Winstonm, on Apr 8 2006, 09:16 PM, said:
There can be nothing done in Iraq until it is clearly understood that there exists no country of Iraq - only a boundary on a map which houses various tribes of peoples, and whichever tribe is in power controls the resources within those boundaries. As long as there are tribes there will be times of peace among the tribes and times of war; the only immoratity comes in the financial support of the ruling tribe as this always leads to slaughter and attempted genocide of the non-ruling tribes. The only sensible solution is to divide the country of Iraq into as many "tribal" nations as are needed and then withdraw and let Darwinian natural selection determine the eventual winner. The only other solution is the one that Rome attempted and that is to conquer and rule - but to conquer by force and then hope for change is both dangerous and naive. The U.S.A. must either be a conqueror or a bystander - what it must not be is a policeman who imposes his sense of morality on a people who do not share that same belief.
Winston sums up the "native Iraq" problem accurately - but his analysis stops short of the current position: the US (with Oz & GB) is there now.
You don't create a favourable culture and "liberal" democracy overnight even when dealing with an heterogeneous culture - much less a tribal society with intertribal hatreds in an artificially created state.
The theory of division of the state among the 3 tribes geographically ignores:-
1) its unpopularity with ALL neighbours (even US ally Turkey would oppose a Kurdish state);
2) the unequal geographic location of oil (hence wealth);
3) the inevitable dislocation of large segments of population causing further hatreds and feuds;
4) the logistics of boundary drawing which tend to be arbitrary and lead to further disputes (cf Palestine, India/Pakistan, pick any Balkan states....).
I was one of the pragmatists who believed Saddam on WMD, viewed his downfall as "a good thing" (cf 1066 & All That) but even prior to the invasion dared to voice the query as to what the plan was for "the peace" on the basis that occupation would have to take place for a minimum of 2 decades to educate and inculcate a generation if there was to be any prospect of establishing a sympathetic (or empathetic) western-oriented state. I doubted whether the US possessed the intestinal fortitude to stay the course over such a period as historically dramatic throwing of resources at a problem in the short term has yielded US its best results.
To my knowledge the only longterm "occupations" by the US have been Vietnam (not exactly a success), Germany (dealing with a western heterogeneous group) and Japan (which was at least heterogeneous).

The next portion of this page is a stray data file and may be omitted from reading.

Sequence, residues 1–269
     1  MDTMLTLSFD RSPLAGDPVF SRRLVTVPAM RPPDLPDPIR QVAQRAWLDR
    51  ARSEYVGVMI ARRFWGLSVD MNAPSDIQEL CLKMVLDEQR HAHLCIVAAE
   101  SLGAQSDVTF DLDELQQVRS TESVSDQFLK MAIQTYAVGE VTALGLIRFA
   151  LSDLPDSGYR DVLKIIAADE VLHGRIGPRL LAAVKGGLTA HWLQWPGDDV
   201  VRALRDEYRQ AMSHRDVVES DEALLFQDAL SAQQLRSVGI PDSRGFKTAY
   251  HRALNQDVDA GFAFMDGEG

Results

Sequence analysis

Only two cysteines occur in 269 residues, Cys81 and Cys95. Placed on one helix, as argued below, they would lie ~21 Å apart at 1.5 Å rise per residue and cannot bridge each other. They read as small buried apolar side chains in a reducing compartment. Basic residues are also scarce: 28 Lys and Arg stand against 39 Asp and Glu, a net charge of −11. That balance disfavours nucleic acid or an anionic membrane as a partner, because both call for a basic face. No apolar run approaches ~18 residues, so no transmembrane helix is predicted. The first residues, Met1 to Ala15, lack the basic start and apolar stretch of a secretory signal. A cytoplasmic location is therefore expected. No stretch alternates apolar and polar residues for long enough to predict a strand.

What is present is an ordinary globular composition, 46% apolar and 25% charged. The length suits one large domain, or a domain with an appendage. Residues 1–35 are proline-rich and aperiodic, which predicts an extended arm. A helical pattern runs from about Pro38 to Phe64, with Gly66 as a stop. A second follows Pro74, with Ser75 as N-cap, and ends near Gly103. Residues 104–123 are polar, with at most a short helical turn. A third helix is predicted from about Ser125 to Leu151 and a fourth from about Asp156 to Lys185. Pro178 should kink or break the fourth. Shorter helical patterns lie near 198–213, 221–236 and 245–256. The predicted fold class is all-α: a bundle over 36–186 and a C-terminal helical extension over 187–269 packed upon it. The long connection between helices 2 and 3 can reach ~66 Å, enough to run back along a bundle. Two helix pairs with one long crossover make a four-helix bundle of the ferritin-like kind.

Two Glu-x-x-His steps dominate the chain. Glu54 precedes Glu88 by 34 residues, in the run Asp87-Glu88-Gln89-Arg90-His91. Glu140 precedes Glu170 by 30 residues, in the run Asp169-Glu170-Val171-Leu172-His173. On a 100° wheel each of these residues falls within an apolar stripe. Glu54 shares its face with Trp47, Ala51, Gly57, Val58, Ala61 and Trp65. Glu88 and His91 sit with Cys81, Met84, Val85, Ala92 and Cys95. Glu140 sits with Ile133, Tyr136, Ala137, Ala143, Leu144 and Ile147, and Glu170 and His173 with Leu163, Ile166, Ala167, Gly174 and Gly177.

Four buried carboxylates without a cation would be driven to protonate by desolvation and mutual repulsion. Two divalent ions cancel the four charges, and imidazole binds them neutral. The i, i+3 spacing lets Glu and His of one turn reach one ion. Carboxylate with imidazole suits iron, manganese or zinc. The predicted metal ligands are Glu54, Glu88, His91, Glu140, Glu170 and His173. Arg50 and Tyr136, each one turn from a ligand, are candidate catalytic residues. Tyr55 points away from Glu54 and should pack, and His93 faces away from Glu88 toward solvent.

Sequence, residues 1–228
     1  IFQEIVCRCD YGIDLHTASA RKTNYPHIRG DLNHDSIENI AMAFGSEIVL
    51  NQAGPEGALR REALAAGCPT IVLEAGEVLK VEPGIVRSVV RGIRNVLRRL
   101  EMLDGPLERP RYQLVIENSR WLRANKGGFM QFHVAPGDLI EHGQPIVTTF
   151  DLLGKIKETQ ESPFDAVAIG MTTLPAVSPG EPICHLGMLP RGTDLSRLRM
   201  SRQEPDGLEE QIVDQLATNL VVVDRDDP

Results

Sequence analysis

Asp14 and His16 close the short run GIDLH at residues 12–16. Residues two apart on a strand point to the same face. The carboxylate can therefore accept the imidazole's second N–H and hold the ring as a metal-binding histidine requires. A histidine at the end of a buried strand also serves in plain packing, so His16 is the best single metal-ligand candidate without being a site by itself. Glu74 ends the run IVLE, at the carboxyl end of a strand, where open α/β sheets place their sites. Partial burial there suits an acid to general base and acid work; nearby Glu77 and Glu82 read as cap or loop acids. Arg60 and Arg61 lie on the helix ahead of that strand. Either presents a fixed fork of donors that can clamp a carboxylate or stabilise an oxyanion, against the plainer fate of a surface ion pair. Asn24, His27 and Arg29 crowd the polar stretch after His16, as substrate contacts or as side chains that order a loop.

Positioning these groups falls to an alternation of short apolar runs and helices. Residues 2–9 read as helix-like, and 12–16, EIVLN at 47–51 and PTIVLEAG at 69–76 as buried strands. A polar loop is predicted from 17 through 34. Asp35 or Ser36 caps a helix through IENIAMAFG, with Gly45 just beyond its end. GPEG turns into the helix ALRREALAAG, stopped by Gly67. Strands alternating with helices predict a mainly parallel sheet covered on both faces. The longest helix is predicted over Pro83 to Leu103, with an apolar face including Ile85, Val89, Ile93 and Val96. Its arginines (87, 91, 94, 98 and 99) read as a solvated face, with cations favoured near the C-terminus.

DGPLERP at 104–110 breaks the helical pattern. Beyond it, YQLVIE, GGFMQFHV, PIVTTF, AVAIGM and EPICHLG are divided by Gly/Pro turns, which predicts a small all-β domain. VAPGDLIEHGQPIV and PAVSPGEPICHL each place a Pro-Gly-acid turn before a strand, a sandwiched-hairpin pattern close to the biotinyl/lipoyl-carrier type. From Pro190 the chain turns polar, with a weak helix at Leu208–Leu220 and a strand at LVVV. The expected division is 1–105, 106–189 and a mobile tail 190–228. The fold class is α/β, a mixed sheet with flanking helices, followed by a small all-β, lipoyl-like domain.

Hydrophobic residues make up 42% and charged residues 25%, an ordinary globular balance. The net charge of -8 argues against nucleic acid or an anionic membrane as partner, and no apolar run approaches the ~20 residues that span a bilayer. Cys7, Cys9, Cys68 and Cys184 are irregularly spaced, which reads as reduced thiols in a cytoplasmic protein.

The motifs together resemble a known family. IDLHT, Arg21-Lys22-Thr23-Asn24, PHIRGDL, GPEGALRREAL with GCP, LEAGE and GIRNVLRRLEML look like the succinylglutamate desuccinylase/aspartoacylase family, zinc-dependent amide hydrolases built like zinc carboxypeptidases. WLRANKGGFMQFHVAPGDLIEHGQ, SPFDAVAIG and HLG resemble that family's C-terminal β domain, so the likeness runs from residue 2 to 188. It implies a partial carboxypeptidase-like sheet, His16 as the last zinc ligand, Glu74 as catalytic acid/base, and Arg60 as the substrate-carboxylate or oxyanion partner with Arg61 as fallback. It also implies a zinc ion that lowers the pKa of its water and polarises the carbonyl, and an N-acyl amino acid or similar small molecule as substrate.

Since WWII US foreign policy has been about maintaining a bulwark against communism - and since 1990 about effectively maintaining a status quo (as the dominant power is wont to prefer).
Once rhetoric is excluded that simple doctrine explains virtually all actions - and alleged volte faces for the past 60 years. It doesn't make those actions right - but it does explain them.
That is not to say that no dividends have been received by the occupation: a number of arab states have foresworn WMD and direct open funding of terrorists and a number of others have had to come to grips with the risk that there might be another state in which "the people" actually have a say - thereby instilling some doubts about the totalitarian regimes in other states.
Certainly, there is a strong argument that such dividends are insufficient for the cost (in lives and financially), but there is a further real issue now: what of the cost incurred to date if the US exits now. Those "costs" are effectively wasted in such a scenario.
As noted, the longterm strategy of staying the course in Iraq could be a winner geopolitically - but is all but unsustainable on a domestic political basis from an outsider's perspective.
Again, to steal from Clausewitz, America's foreign policy has really been a continuation of its domestic policy by other means.
I may not like a world superpower - but if we have to have one I am generally grateful that it is the US (consider the alternatives if say Russia, China or even colonial GB exercised the same dominance) as it is doubtful that in those circumstances criticism would be tolerated - and almost certainly there would be no self-vilification or introspection by such a nation.
It is quite touching - if somewhat naive- that the US still tends to believe that anywhere they go they will be loved - and the continued air of surprised disappointment when they are not. Other nations have tended to be considerably less caring.....